Primary Category: Literature / Poetry
- Stanford, Ann Folwell
- Date of entry: Apr-13-2001
- Last revised: Aug-22-2006
The speaker addresses her 20-year-old daughter, who has just lost her best friend in an automobile accident. This elegant five-part poem is a reflection on grief, as well as on the bond between the mother and daughter.
Squares and Courtyards: Poems
W. W. Norton
The suddenness of death in a young person is shattering and, for those left behind, frequently a life-defining event. In Hacker’s poem, the daughter returns home after receiving her mother’s phone call. "You cried / like the child you probably ceased to be / the moment that I told you she was dead," says the speaker /mother. The boyfriend, who had been driving the car, remains in a hospital, "wired and re-formed / in plaster, weeping because he was still alive."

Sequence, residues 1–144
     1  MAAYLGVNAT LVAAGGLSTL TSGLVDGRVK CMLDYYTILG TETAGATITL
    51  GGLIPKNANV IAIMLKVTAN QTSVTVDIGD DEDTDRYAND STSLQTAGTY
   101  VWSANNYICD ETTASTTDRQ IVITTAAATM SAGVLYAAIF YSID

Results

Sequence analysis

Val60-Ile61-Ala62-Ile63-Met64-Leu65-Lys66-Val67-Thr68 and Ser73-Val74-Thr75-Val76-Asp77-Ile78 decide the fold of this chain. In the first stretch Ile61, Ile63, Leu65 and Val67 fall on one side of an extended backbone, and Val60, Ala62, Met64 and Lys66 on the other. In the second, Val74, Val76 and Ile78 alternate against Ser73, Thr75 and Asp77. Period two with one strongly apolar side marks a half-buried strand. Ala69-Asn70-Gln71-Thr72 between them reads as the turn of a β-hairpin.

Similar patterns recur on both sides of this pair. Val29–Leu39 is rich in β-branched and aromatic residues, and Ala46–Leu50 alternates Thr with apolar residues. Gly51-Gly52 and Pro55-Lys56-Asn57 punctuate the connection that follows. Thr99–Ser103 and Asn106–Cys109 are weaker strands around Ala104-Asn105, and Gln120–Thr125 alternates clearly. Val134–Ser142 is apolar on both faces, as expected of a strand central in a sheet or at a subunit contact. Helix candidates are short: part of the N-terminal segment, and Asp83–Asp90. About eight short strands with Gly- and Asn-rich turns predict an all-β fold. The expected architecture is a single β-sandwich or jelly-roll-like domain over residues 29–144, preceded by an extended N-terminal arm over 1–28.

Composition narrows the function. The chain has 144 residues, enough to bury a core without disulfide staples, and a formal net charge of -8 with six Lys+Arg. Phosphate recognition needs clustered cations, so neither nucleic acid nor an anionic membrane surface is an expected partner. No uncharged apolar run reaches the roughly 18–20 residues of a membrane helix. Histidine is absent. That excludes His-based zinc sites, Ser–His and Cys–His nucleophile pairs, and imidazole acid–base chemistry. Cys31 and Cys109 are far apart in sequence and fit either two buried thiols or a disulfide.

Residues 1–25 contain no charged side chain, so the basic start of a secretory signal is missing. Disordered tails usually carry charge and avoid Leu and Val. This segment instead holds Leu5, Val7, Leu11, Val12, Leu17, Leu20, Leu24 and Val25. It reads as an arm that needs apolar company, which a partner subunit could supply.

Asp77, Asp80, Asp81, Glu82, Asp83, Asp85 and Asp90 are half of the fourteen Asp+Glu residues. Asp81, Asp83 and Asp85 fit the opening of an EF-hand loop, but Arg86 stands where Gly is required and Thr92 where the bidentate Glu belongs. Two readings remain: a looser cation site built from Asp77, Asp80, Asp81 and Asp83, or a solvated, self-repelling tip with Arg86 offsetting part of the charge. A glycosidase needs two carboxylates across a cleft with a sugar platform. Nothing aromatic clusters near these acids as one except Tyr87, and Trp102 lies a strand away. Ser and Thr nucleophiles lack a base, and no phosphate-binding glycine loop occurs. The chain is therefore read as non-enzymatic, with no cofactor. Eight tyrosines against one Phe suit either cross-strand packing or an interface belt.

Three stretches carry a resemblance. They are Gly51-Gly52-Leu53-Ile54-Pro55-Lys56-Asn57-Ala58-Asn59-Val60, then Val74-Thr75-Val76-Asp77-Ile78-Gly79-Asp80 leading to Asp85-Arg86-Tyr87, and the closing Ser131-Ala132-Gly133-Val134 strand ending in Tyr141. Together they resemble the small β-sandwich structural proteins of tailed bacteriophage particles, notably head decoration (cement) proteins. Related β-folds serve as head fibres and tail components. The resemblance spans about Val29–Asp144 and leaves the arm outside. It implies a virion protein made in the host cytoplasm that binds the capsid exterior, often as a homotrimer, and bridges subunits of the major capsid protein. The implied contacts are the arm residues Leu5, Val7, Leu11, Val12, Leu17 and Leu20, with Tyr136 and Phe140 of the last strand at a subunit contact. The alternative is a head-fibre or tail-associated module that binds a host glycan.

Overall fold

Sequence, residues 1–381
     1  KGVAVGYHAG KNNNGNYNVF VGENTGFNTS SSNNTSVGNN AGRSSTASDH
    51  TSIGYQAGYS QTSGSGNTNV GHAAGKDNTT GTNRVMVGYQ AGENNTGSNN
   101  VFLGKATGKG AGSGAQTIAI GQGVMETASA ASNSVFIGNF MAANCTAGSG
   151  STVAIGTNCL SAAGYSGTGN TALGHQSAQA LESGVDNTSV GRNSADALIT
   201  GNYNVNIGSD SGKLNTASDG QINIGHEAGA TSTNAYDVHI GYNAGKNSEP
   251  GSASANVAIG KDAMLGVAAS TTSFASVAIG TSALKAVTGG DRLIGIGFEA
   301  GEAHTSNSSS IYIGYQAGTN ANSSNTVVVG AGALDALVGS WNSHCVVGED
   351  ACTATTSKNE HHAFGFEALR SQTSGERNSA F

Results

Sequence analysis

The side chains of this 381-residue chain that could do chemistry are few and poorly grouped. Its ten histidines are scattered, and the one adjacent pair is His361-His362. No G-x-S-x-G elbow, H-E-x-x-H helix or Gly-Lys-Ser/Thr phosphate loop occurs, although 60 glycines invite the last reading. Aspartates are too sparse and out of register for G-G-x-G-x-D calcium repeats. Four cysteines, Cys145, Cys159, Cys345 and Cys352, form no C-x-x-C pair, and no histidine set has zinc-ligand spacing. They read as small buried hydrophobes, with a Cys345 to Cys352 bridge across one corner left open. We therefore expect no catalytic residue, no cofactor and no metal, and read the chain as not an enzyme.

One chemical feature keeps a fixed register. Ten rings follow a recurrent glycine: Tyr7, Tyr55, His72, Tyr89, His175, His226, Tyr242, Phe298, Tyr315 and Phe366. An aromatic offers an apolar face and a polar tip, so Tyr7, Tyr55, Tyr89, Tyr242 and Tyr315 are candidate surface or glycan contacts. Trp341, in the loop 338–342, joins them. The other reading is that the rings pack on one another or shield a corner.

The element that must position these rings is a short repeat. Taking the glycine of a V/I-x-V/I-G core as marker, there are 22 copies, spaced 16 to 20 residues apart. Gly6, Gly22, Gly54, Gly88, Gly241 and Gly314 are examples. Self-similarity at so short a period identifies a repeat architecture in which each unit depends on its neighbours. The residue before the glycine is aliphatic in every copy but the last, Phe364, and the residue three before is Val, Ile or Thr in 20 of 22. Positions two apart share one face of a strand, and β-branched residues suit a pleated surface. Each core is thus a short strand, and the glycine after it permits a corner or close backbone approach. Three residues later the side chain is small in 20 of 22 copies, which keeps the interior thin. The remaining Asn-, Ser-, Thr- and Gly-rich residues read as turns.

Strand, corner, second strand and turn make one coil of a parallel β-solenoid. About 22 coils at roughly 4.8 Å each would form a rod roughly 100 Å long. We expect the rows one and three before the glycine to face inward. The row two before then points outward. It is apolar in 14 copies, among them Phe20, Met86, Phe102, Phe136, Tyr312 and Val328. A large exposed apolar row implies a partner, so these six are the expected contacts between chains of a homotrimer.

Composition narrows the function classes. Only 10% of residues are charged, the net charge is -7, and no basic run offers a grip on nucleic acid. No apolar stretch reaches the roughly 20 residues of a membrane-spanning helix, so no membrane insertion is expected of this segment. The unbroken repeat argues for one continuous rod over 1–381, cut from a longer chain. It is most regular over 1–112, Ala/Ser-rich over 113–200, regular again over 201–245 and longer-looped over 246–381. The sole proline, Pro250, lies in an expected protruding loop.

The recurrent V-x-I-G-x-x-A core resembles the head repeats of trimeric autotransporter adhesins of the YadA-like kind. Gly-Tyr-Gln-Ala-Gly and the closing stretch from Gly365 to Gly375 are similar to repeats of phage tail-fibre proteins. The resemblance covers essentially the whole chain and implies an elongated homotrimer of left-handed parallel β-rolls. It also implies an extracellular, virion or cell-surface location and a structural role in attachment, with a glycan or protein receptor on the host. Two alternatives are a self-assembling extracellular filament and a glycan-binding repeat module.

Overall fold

She realizes that the daughter is also "growing away from" her, as she moves towards her friends for consoling. The mother also reflects on how death had probably been an ever-present concern for the daughter, given the grandmother’s recent stroke, and in spite of the fact that "[c]hemo has let me live so far," and that "[s]ome fluke, prudence or miracle / has kept your father seronegative." The daughter might have been prepared for the death of one of these people, but not her best friend.
The poem presents an opportunity to reflect not only on the impact of death on a young person, but the process of letting go (the mother letting go of the daughter; the daughter letting go of her childhood; of her friend).